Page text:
When I got to the war system this was a whole new dimension of game functionality. Where we only affected the universe in little bits before, having some stations built or destroyed, the scope of an actual war spanning multiple sectors was much larger. Keeping track of all the involved objects, setting up scenarios and changing several sectors depending on who is currently winning (and also taking into account how the player can influence our plans ;)) was something that we have never done before. In the end we hope all our hard work will pay off and the players will have a lot of fun doing their part for the war effort, be it on the front line or further back supplying the fleet with what they need to win!

Q: The trailer video for Albion Prelude is a little different to what we're used to. Can you tell us a bit more about it?
A: [metalvenom] There was talk in the office at Egosoft of maybe including some limited live-action footage for this project. I just so happens that I have a very nice DSLR camera that can shoot HD video (I finally found a use for it!). After locating some talent that I thought would suit the part, I set out to buy some lighting equipment. I walked into my flat the following week with a truck-load of studio lights, a huge green screen and some tripods. My girlfriend was not too impressed that I turned our living room into a film studio (no dinners for week ;) ). This was the first time I've worked with green screen and it was quite a challenge but also very rewarding. I merged this live footage with some normal in-game action and Alex Preuss, Egosoft's lead artist, was kind enough to take time out of his hectic schedule to help with some CGI work that really brought this video together. So in this new video expect a nice blend of in-game footage, live action and CGI.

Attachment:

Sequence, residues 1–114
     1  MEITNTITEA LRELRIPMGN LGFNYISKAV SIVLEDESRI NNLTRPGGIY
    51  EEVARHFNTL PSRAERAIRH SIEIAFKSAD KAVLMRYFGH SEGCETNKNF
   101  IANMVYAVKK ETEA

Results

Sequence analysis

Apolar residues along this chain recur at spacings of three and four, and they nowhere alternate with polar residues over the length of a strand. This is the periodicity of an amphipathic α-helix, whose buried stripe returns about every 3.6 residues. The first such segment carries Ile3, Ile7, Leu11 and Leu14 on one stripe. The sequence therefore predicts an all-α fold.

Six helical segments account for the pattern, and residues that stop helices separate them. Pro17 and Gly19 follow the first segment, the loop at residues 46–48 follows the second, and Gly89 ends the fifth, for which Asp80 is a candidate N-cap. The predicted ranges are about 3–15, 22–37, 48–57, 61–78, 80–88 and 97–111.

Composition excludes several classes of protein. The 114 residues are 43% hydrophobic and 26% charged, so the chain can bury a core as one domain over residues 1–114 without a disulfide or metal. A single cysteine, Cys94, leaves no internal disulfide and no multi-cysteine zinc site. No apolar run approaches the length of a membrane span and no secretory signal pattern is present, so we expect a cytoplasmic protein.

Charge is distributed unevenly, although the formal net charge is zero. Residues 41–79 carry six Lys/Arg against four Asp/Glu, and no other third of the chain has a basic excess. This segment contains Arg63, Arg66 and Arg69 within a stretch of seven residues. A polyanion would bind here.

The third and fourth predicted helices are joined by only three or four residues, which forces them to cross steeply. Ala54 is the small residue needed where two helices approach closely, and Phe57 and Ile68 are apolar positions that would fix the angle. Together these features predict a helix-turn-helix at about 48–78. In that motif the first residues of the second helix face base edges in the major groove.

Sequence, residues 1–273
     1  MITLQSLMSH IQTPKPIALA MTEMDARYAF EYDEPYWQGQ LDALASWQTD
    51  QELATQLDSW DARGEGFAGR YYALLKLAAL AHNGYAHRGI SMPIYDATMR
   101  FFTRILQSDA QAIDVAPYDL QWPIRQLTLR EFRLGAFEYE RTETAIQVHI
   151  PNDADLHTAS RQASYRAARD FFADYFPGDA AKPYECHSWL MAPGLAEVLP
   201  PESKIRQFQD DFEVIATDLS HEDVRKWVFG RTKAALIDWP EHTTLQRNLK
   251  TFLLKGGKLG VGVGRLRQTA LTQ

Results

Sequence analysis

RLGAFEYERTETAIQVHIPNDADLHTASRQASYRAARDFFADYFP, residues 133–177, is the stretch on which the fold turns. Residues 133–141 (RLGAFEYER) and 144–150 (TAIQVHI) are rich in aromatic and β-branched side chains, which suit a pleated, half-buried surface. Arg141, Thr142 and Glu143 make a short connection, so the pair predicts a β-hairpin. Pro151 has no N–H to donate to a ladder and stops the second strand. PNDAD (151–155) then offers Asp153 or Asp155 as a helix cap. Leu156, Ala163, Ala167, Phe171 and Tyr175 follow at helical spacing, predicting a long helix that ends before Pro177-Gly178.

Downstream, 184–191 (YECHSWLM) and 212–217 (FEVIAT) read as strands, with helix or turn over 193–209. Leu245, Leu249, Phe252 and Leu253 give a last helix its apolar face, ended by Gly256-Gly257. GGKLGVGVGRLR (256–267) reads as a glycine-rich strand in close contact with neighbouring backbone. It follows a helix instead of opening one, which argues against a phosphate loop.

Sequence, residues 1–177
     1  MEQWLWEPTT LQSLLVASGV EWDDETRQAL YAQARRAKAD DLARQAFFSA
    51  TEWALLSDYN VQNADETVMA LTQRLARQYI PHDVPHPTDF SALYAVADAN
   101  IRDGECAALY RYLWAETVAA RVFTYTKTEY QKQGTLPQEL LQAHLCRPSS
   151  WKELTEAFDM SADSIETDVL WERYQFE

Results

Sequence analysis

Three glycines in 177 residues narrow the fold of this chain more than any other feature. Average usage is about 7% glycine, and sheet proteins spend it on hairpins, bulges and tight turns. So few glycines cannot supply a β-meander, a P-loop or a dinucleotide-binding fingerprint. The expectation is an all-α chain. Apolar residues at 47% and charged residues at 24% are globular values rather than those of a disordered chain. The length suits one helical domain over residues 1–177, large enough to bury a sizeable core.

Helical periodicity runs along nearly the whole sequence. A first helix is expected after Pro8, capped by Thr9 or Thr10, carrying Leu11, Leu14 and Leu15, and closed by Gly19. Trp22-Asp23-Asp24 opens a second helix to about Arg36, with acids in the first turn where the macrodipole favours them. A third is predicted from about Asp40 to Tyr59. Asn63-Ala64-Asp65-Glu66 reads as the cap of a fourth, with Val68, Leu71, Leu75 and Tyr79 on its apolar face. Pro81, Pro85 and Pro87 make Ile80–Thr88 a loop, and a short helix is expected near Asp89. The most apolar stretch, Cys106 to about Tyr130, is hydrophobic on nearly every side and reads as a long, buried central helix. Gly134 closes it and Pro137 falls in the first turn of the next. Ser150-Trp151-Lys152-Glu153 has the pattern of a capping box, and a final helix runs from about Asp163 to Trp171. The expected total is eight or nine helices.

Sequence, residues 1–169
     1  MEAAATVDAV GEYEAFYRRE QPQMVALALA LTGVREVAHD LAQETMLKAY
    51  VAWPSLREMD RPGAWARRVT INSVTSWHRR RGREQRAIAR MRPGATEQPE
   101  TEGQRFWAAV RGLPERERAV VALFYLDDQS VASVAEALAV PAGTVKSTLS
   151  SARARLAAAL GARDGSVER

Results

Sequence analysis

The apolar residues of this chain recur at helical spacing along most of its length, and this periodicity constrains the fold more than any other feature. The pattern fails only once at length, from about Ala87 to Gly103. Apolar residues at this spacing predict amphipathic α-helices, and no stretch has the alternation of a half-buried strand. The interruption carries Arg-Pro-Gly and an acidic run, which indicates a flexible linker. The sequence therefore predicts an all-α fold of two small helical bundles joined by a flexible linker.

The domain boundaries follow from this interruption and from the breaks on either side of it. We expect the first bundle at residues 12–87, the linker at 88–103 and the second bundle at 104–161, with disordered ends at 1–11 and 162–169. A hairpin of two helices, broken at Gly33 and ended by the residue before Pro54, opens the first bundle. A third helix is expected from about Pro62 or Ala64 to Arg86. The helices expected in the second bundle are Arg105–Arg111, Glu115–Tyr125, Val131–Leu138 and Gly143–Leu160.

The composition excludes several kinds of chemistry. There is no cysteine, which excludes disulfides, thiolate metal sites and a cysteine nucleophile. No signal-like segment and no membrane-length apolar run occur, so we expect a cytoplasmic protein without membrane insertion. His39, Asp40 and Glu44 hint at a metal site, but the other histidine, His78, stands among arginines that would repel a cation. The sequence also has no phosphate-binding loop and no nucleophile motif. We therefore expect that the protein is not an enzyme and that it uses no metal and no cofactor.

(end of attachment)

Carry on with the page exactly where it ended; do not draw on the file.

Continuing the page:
Q: X3AP will include a new Stock Exchange feature. Can you tell us a bit more about how this works?
A: [mark_a_condren] The Stock Exchange adds another element to the TRADE and THINK parts of the game. Early on in the game before you have your own trader ships and stations you can be a bit limited in the ways you can get the credits coming in, and let's face it, flying from station to station yourself early on can get a bit repetitive. The Stock Exchange provides another avenue to try to build your fortune, or possibly lose it. Each cluster of sectors owned by a particular race or faction may have a Local Stock Exchange present. With the introduction of the Stock Exchange some Trading Stations in central sectors have started advertising as Stock Exchange stations in an attempt to draw in new customers and clients.